When working out how much cash you will need, don’t forget to include things like marketing spend for websites, flyers and adverts that you may need, the cost of materials, supplies and equipment that you will need to buy to run your business, storage costs if any. When looking at the long term business plan, consider how staffing costs such as wages, pension contributions and national insurance may impact your finances if you intend to have staff working for you as well as taking home your own pay.

A cleaning business could in theory be started with a simple vacuum cleaner, mop and essential cleaning supplies but more specialist cleaning services may need expensive professional carpet cleaners or tools which can be much more costly and will need to be considered in the financial planning stage of setting up your business.

Work Out Your Rates

When you know what kind of cleaning service you’re offering and who you will be offering it to, you need to decide on how much you will charge.

To determine what you will charge, think about whether you will charge a flat hourly fee, or if you will offer blocks of 10 cleaning sessions for a discounted hourly price, whether you require a deposit upfront before any booking or if you will accept cash, card or online payments?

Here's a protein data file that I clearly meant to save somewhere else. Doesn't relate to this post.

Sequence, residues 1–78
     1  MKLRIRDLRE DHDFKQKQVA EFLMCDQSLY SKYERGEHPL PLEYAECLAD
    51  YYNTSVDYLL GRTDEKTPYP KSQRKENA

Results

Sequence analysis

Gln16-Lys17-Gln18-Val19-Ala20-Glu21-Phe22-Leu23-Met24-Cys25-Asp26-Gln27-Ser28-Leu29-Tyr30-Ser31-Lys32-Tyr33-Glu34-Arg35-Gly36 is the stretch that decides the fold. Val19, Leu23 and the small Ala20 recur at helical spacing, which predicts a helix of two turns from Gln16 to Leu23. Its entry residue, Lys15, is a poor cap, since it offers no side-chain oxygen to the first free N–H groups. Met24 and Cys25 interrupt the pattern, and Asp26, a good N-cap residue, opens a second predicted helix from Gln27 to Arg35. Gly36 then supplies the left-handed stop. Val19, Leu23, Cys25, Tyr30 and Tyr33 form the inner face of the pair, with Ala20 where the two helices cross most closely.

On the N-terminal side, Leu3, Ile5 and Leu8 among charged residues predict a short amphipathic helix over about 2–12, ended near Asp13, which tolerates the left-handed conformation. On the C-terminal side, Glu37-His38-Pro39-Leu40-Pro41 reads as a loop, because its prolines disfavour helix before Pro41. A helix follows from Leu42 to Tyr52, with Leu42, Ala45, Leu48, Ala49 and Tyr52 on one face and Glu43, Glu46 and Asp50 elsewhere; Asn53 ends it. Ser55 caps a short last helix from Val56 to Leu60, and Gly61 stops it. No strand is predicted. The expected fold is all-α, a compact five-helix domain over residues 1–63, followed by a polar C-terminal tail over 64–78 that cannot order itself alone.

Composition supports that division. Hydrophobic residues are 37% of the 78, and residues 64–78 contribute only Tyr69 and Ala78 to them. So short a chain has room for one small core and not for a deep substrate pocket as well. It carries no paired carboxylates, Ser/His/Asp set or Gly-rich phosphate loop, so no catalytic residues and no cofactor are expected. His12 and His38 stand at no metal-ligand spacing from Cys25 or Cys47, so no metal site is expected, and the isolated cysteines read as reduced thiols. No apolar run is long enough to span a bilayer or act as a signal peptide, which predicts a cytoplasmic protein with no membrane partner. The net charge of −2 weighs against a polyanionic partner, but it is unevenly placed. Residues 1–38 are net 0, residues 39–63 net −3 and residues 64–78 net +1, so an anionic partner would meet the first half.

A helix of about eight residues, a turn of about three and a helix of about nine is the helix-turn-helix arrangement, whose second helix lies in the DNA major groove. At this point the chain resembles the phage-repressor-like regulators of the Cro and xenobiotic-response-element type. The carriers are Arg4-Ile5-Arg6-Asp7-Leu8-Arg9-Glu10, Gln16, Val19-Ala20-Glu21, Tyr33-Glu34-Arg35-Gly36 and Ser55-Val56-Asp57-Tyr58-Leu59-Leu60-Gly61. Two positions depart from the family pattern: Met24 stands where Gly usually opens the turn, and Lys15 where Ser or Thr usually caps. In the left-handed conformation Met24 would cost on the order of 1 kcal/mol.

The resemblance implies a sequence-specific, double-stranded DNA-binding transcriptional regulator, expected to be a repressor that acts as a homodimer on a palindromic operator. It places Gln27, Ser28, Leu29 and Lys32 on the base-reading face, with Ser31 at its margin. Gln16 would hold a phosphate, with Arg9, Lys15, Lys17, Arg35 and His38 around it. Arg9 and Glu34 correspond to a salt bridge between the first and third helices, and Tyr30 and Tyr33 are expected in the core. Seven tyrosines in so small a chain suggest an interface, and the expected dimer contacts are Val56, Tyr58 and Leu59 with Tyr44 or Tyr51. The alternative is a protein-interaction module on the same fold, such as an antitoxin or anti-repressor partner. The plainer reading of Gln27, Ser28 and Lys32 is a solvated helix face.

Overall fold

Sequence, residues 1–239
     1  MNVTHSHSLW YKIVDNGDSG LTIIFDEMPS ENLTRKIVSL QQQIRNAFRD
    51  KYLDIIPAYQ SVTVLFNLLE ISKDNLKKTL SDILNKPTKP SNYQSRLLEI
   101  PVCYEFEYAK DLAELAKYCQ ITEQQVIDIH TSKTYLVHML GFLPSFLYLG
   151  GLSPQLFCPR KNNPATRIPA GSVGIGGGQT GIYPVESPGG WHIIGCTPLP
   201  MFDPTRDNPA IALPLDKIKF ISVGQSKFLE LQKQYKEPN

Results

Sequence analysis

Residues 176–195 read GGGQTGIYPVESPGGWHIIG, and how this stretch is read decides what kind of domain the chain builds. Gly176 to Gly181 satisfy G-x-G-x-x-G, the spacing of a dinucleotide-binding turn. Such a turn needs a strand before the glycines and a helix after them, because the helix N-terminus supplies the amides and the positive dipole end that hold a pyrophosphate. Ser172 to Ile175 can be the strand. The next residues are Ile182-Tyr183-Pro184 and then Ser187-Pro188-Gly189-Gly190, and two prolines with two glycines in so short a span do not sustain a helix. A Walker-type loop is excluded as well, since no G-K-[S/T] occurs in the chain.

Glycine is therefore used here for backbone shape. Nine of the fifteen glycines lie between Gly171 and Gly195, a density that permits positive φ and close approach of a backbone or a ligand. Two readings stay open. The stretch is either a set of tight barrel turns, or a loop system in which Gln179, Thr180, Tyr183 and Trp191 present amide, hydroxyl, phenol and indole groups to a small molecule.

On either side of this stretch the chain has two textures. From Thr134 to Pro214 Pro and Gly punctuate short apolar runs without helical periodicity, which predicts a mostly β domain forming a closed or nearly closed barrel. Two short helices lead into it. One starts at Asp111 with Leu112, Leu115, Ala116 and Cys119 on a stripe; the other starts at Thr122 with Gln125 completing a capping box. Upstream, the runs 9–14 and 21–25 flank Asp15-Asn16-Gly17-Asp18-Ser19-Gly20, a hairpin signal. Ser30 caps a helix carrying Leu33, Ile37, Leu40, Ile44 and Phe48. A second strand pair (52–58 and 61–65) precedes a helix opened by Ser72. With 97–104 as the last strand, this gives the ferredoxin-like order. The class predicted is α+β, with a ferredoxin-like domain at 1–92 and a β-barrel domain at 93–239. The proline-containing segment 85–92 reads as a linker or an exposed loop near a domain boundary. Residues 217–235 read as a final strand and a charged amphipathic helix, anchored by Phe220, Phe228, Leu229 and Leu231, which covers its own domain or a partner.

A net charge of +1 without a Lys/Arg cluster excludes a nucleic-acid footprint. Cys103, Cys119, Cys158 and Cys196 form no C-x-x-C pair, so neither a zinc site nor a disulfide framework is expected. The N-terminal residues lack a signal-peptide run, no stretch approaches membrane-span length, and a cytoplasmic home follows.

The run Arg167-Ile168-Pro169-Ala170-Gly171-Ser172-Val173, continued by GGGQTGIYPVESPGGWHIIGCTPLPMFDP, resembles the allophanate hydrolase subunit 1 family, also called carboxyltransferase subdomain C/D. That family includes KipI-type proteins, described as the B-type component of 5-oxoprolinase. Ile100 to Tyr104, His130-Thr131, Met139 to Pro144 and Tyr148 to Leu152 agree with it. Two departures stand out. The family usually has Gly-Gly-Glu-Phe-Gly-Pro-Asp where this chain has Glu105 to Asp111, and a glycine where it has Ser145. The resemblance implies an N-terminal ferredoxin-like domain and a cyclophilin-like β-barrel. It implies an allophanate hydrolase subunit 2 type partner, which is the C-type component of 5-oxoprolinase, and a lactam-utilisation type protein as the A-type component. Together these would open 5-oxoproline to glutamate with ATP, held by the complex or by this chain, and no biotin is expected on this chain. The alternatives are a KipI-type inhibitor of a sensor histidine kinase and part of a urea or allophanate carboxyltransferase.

All of these things should be considered with your ideal customer in mind to help you determine which is the best option for you and the people you work for and the location that you operate in. One of the best things you can do is to see what other people in your area are already charging for similar kinds of cleaning service that you will be offering as this will give you a ballpark figure of the going rate and always think about your target customer.

For example, there is no point in charging £60 an hour if your target market is residential cleaning for single-parent families because they are unlikely to be able to afford this.

Whatever price you decide to charge, make sure that it is a true reflection of the time, effort and energy that you put into the work, the costs involved in travelling to and from venues and that the cost of cleaning materials are covered.

Business Admin

Lady sitting at desk working with paper and computer screen

Type Of Company